Abo-Zaid, Salem (2012): Optimal labor-income tax volatility with credit frictions.
Download (503Kb) | Preview
This paper studies the optimality of labor tax smoothing in a simple model with credit frictions. Firms’ borrowing to pay their wage payments in advance is constrained by the value of their collateral at the beginning of the period. The labor tax and the shadow value on the credit constraint lead to a (static) wedge between the marginal product of labor and the marginal rate of substitution between labor and consumption. This paper suggests that while the notion of “wedge smoothing” is carried over to this environment, it is achieved only through a volatile labor-income tax rate. As the shadow value on the financing constraint varies over the business cycle, tax volatility is needed in order to counteract this variation and thus allow for “wedge smoothing”. In particular, the optimal labor-income tax rate is lower when the credit market is more tightened and higher when the credit market is less tightened. Therefore, when firms are more credit-constrained and the demand for labor is reduced, optimal fiscal policy calls for boosting labor supply by lowering the labor-income tax rate.
|Item Type:||MPRA Paper|
|Original Title:||Optimal labor-income tax volatility with credit frictions.|
|English Title:||Optimal Labor-Income Tax Volatility with Credit Frictions.|
|Keywords:||Labor tax smoothing; Credit frictions; Borrowing constraints|
|Subjects:||E - Macroeconomics and Monetary Economics > E6 - Macroeconomic Policy, Macroeconomic Aspects of Public Finance, Macroeconomic Policy, and General Outlook > E62 - Fiscal Policy
H - Public Economics > H2 - Taxation, Subsidies, and Revenue > H21 - Efficiency; Optimal Taxation
E - Macroeconomics and Monetary Economics > E4 - Money and Interest Rates > E44 - Financial Markets and the Macroeconomy
|Depositing User:||Salem Abo-Zaid|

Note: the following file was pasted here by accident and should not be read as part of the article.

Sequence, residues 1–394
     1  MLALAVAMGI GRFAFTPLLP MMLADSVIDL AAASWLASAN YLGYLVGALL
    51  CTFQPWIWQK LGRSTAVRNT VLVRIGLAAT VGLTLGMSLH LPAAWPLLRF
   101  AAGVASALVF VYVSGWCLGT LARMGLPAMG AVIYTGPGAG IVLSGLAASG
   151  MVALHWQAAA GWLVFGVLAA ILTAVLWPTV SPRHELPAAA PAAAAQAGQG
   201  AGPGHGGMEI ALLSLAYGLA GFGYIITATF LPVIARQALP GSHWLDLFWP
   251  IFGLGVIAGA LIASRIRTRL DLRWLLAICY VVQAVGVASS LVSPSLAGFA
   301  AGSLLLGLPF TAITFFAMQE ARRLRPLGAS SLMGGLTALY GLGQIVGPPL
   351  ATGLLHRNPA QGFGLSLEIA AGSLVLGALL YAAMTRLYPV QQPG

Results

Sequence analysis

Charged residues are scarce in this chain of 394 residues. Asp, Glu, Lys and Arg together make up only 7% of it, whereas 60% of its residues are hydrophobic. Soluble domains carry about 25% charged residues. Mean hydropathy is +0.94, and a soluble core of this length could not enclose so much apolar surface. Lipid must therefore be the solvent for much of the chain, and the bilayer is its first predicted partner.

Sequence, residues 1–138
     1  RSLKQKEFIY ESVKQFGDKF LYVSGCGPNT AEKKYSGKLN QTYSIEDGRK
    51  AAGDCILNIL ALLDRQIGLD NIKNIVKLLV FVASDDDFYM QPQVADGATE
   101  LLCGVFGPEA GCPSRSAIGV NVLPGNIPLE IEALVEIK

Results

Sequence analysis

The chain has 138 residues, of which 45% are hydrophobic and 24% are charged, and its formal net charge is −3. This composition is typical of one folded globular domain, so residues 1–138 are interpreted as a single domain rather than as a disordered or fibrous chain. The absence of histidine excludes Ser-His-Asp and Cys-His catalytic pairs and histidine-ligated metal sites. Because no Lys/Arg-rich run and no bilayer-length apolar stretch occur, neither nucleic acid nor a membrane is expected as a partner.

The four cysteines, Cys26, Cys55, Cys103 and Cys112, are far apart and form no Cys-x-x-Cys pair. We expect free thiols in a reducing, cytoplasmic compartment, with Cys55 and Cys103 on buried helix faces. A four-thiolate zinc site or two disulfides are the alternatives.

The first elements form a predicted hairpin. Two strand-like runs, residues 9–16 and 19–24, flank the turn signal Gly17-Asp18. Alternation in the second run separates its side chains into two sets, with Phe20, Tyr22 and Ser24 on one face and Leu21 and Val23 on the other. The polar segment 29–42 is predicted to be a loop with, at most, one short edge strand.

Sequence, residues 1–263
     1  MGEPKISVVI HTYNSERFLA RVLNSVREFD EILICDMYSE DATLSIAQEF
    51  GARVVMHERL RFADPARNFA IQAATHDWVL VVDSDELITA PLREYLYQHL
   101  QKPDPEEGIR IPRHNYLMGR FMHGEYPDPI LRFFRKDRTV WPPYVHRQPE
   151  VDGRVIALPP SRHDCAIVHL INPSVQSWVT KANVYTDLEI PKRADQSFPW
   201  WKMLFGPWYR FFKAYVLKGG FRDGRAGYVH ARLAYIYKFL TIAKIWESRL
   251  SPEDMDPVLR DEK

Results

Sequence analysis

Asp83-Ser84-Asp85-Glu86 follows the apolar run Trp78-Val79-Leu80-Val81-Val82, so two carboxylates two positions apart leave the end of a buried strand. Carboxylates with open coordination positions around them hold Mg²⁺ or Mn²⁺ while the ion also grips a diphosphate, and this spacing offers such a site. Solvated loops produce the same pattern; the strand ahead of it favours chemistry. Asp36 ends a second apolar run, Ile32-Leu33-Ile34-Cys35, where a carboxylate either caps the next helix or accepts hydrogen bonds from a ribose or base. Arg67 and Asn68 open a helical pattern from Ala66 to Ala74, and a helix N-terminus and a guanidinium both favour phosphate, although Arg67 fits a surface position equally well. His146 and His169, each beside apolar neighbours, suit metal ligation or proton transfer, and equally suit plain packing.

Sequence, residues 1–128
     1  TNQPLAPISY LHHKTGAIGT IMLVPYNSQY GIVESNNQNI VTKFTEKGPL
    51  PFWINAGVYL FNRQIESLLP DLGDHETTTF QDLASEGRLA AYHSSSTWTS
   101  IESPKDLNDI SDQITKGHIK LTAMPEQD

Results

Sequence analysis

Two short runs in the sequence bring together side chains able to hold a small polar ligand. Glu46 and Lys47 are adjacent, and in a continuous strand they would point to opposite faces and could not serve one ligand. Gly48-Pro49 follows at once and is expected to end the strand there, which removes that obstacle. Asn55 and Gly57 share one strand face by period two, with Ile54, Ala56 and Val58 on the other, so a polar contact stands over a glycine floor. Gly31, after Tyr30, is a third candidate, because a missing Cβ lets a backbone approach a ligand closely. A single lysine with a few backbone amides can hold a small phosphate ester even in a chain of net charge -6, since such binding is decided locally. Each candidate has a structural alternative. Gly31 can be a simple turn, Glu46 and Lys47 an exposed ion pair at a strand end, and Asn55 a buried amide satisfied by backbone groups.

|Date Deposited:||28. May 2012 23:31|
|Last Modified:||21. Feb 2013 21:26|
Aiyagari S.R., Marcet A., Sargent T., Seppala J. (2002) “Optimal Taxation without State-Contingent Debt.”Journal of Political Economy, Vol. 110, pp. 1220-1254.
Arseneau D. and Chugh S. (2010) “Tax Smoothing in Frictional Labor Markets.” Mimeo, University of Maryland.
Barro R. (1979) “On the Determination of Public Debt.” Journal of Political Economy, Vol. 87, pp. 940-971.
Carlstrom C. and Fuerst T. (1997) “Agency Costs, Net Worth, and Business Fluctuations: A Computable General Equilibrium Analysis.” American Economic Review, Vol. 87, pp. 893-910.
Carlstrom C. and Fuerst T. (1998) “Agency Costs and Business Cycles.” Economic Theory, Vol. 12, pp. 583-597.
Carlstrom C., Fuerst T. and Paustian M. (2010) “Optimal Monetary Policy in a Model with Agency Costs.” Journal of Money, Credit and Banking, Vol. 42, Issue Supplement, pp. 37-70.
Chaney T., Sraer D. and Thesmar D. (2011) “The Collateral Channel: How Real Estate Shocks Affect Corporate Investment.” American Economic Review, forthcoming.
Chari, V. V., Christiano L., and Kehoe P. (1991) “Optimal Fiscal and Monetary Policy: Some Recent Results.” Journal of Money, Credit and Banking, Vol. 23, pp. 519–539.
Chari, V. V., Christiano L., and Kehoe P. (1994) “Optimal Fiscal Policy in a Business Cycle Model.” Journal of Political Economy, Vol. 102, pp. 617–52.
Chari, V. V. and Kehoe P. (1999) “Optimal Fiscal and Monetary Policy." Handbook of Macroeconomics, J. B. Taylor and Woodford M. (ed.), Vol. 1, pp. 1671-1745.
Iacoviello M. (2005) “House Prices, Borrowing Constraints and Monetary Policy in the Business Cycle.” American Economic Review, Vol. 95, pp. 739-764.
Kiyotaki N. and Moore J. (1997) “Credit Cycles.” Journal of Political Economy, Vol. 105, pp. 211-248.
Lucas R. and Stokey N. (1983) “Optimal Fiscal and Monetary Policy in an Economy without Capital.” Journal of Monetary Economics, Vol. 12, pp.55-93.
Schmitt-Grohe S. and Uribe M. (2004a) “Optimal Fiscal and Monetary Policy under Sticky Prices. Journal of Economic Theory 114, 198-230.
Schmitt-Grohe S. and Uribe M. (2004b) “Solving Dynamic General Equilibrium Models Using a Second-Order Approximation to the Policy Function,” Journal of Economic Dynamics and Control, Vol. 28, pp. 755-775.